Although many beer drinkers are hearty loyalists, there are those who are cross-over drinkers.
A cross-over drinker appreciates a fine wine as much as they enjoy a cold brew.
Considering the interest California wineries are taking in the craft brew industry, it may be time for craft breweries to wake up and follow this lead.
Developing a wine or craft liquor option to your craft beer offering means broadening your craft beer branding to allow for this overlap.
Overlapping Wine & Beer
One success story about a California winery who overlapped into craft beer production begins with a family of Mexican immigrants.
Amelia Ceja came to America to pick grapes. Hard work eventually led to the formation of one of the first U.S. wineries created by first generation immigrants from Mexico. Amelia, her husband, his brother and wife, are the owners of Ceja Vineyards.
Amelia's brother-in-law, Jesus, is a master brewer who learned his craft in Missouri at Anheuser-Busch. Expanding the capabilities of Ceja Vineyards to include the Carneros Brewing Company was only natural.
Why The Overlap Works
By crafting wine and beer together, chefs point out that it is easy to pair either with a meal. There is synergy between two spirits that originate from the same inspiration.
Distributors find that restaurateurs embrace featuring brews and wines that were locally produced from the same manufacturers.
Launching a new spirit distinct from your craft brew has great potential for success.
By working from an established market, a craft brewery can market a wine under a brand that already has a following.
If a brewery has a beer club with members signed up for e-mail notifications, special promotions as well as a social media audience, a consumer base already exists. The cost of a marketing campaign to introduce a new product is reduced because a marketing structure already exists.
The Demand Is There
Although a craft brewer may have big vino dreams, it is all for naught if the market is simply not interested.
The good news for brewers who would like to dabble in vintages is that it is very common for dinner companions to prefer one or the other.
Whereas one might go straight for a locally brewed beer, a dinner companion just as often prefers a glass of wine with a meal. Cross-over drinking between beer and wine is in strong demand.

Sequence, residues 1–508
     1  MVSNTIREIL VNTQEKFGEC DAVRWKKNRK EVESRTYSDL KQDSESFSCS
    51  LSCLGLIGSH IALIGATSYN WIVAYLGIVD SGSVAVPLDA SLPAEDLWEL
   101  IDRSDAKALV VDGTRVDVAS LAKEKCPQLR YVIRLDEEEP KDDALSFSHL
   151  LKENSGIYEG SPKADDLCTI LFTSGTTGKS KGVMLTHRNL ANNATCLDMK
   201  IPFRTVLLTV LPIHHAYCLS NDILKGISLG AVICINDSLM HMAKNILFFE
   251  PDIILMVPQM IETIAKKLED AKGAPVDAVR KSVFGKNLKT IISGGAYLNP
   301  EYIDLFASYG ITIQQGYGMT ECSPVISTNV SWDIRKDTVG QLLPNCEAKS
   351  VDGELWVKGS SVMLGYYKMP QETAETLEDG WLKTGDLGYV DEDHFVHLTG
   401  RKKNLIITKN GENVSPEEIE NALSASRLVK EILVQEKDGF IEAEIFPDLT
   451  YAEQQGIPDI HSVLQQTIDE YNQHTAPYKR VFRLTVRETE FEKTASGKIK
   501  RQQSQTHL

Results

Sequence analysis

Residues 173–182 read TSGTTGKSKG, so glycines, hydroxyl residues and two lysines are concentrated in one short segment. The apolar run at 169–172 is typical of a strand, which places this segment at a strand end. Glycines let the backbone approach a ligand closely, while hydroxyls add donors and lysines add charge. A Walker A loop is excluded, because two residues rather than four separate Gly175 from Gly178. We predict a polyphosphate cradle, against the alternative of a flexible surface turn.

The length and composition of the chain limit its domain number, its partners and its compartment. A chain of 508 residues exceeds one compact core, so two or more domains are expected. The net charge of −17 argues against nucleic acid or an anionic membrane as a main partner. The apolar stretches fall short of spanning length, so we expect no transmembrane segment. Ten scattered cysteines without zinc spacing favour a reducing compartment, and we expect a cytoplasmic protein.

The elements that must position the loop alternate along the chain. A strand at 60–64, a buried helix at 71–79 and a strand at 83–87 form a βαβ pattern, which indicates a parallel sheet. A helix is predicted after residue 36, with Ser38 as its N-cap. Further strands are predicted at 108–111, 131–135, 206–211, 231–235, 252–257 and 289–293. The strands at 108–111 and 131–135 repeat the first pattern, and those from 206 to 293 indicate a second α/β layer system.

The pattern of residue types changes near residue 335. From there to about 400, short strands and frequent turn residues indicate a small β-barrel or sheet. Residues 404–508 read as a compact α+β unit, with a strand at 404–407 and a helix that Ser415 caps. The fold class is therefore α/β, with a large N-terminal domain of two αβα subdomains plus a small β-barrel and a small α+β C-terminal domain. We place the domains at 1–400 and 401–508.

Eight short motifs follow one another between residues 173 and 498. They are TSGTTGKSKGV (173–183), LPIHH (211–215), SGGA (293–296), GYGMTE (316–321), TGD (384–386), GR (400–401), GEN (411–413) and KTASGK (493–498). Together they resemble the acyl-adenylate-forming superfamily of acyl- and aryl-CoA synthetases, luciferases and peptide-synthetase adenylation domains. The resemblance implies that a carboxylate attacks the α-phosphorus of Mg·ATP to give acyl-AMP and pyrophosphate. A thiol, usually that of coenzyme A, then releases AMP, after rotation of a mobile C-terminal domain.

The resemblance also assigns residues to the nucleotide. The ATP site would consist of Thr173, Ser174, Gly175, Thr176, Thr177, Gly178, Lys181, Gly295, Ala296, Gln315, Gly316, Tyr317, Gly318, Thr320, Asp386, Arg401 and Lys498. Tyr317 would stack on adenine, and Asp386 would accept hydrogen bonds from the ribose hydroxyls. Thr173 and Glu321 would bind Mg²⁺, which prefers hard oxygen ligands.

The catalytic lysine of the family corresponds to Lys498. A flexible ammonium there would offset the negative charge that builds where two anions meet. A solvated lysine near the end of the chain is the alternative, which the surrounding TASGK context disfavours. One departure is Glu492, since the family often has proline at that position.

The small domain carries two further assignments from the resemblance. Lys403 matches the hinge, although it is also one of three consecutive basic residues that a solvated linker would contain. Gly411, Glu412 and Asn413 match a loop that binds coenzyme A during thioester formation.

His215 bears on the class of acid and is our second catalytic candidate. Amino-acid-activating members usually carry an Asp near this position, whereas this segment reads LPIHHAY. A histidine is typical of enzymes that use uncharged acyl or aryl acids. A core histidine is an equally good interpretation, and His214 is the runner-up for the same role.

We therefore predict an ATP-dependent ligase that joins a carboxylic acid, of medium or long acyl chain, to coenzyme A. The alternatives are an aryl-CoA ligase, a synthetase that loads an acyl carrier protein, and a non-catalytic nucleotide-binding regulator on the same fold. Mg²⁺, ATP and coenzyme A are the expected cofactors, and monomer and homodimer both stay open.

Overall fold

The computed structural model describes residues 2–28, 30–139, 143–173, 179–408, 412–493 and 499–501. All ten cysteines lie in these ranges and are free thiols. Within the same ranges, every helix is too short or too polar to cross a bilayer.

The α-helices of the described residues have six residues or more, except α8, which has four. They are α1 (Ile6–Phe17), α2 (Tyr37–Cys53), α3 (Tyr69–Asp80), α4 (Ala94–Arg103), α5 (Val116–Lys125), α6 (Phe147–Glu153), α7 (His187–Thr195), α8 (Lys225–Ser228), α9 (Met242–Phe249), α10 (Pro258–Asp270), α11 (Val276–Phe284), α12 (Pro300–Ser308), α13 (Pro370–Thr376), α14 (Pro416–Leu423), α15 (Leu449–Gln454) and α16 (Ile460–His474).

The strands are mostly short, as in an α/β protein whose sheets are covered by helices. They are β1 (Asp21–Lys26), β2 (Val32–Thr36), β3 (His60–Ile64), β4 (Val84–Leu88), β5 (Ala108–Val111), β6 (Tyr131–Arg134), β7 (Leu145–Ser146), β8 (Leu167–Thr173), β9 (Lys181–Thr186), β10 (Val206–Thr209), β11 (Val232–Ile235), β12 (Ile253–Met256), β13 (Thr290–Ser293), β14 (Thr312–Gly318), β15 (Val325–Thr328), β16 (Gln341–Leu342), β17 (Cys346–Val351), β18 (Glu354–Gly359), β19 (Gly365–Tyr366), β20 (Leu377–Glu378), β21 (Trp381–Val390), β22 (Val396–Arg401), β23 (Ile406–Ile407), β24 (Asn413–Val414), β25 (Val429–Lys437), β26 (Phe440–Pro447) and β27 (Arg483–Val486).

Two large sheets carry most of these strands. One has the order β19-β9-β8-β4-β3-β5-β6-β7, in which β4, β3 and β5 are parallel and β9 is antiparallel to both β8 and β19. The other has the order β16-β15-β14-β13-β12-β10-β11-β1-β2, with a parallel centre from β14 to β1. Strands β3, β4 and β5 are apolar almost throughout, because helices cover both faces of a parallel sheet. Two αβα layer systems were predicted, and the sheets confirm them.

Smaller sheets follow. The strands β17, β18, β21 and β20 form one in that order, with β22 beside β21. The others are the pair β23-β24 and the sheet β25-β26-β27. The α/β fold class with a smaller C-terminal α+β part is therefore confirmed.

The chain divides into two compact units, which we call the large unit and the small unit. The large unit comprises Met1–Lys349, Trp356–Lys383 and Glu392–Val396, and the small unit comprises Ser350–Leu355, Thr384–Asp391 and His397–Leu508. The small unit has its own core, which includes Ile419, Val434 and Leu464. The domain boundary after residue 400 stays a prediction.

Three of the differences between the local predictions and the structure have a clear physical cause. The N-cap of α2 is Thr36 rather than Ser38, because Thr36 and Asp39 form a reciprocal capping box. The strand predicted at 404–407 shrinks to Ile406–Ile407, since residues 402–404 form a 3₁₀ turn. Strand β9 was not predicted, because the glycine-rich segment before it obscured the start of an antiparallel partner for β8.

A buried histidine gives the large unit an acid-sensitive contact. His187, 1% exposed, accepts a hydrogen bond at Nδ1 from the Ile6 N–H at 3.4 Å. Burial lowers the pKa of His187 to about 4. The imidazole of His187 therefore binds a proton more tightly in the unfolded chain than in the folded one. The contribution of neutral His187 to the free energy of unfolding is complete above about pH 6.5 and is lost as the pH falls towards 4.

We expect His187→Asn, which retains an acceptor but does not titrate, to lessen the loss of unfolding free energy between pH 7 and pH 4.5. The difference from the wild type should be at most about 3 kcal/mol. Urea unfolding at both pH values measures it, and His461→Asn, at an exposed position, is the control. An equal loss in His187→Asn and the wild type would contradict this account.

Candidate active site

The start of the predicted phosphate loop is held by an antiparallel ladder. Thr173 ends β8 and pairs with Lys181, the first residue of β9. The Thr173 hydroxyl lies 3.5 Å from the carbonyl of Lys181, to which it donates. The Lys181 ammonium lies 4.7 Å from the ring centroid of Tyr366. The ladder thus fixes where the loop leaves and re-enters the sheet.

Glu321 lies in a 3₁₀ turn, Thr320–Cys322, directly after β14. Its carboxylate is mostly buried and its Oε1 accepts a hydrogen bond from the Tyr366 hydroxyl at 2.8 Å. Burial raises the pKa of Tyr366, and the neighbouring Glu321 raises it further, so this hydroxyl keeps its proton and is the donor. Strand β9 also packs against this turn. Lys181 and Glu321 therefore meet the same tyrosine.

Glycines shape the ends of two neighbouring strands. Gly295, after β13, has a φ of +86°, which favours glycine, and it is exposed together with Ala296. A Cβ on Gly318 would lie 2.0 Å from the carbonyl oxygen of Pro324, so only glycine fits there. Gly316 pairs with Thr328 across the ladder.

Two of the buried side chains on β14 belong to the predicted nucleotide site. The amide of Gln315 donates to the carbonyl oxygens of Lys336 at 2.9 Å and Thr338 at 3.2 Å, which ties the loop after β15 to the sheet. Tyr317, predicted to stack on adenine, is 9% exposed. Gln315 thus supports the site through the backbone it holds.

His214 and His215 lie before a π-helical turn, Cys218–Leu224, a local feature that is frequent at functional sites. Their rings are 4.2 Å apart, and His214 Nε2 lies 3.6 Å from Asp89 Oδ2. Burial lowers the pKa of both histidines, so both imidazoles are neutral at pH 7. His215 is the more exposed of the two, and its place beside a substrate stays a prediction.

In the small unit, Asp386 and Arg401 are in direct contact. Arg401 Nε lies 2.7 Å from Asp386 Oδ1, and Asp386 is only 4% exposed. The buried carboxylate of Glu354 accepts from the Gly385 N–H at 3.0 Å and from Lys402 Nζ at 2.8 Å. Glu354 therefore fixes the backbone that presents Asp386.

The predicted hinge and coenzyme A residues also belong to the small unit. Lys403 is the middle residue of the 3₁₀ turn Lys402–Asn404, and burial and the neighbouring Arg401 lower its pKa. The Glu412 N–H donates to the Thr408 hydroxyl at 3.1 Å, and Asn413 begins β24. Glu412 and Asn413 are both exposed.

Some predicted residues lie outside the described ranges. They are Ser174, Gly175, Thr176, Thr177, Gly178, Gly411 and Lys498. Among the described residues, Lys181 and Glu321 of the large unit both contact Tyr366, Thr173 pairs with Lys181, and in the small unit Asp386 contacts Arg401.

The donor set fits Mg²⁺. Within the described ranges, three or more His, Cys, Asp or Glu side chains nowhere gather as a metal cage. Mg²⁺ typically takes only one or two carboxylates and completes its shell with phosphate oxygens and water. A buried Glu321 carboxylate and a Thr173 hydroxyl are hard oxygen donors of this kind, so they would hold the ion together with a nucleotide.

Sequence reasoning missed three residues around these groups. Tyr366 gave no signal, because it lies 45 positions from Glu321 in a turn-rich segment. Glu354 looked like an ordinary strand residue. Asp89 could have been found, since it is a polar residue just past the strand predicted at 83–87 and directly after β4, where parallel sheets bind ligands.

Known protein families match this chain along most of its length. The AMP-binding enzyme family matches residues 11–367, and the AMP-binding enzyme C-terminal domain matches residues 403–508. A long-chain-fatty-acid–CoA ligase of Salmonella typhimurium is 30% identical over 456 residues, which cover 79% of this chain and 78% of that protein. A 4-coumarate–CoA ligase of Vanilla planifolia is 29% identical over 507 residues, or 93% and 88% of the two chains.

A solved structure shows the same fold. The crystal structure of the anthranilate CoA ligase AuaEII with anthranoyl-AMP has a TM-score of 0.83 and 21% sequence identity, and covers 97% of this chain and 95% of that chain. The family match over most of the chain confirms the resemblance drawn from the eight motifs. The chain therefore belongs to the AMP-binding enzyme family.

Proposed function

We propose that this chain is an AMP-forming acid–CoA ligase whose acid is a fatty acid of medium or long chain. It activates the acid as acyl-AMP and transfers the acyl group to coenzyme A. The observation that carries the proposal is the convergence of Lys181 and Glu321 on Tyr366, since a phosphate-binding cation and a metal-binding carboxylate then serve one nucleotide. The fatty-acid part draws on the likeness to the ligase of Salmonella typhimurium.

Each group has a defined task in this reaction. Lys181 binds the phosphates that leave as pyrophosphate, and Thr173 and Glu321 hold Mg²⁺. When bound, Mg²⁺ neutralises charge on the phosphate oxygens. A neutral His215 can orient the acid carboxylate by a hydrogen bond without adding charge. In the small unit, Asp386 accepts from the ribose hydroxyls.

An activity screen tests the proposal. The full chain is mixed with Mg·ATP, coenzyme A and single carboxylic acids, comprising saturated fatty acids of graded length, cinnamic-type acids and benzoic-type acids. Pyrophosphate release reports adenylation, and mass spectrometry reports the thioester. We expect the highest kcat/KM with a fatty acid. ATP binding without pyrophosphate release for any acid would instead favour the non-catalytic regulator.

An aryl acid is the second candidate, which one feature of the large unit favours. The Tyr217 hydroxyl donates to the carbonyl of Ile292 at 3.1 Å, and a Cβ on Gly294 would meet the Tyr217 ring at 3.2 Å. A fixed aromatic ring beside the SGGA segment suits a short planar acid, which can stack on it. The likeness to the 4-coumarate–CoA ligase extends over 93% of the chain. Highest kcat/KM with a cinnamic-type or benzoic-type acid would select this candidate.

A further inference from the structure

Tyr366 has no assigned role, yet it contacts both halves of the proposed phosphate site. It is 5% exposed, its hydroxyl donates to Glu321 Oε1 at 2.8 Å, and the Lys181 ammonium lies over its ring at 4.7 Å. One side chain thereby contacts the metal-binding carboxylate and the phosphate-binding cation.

The Local Preferred Trend
This past May the U.S. Department of Agriculture (USDA) released its numbers on consumer demands with regard to locally produced food.
In 2014 locally produced food sales brought in $12 billion. Demand is showing no signs of slacking. The USDA expects that by 2019 total sales for locally produced foods should reach about $20 billion. There is no doubt that craft brewers could tap into a wine market in their local communities.
Taking Advantage Of Opportunity
To encourage the agricultural industry to meet the expected uptick in demand for locally produced foods, the U.S. federal government plans to continue to invest in local farmers through program such as:
- Specialty Crop Block Grant to enhance competitiveness of specialty crops.
- Microloans to help agricultural producers launch marketing opportunities.
- Farmers Market Promotion Program to support locally grown food programs.
For craft brewers this could mean assistance in procuring land for crops of hops, wheat, barley or grapes.
Launching a new craft wine with the assistance of a microloan offers the opportunity for extensive market saturation with an advertising campaign crafted by experienced professionals.
Regular participation at a local farmer's market is the perfect place to build a strong relationship within your own community, as well as generate interest for locals to tour your brewery.
How intriguing if they also got to watch your local brewery expand to include a vineyard and wine-tasting room. Being a part of your growth is one more way to build the loyalty of a local community who comes to see your brand as a family fixture.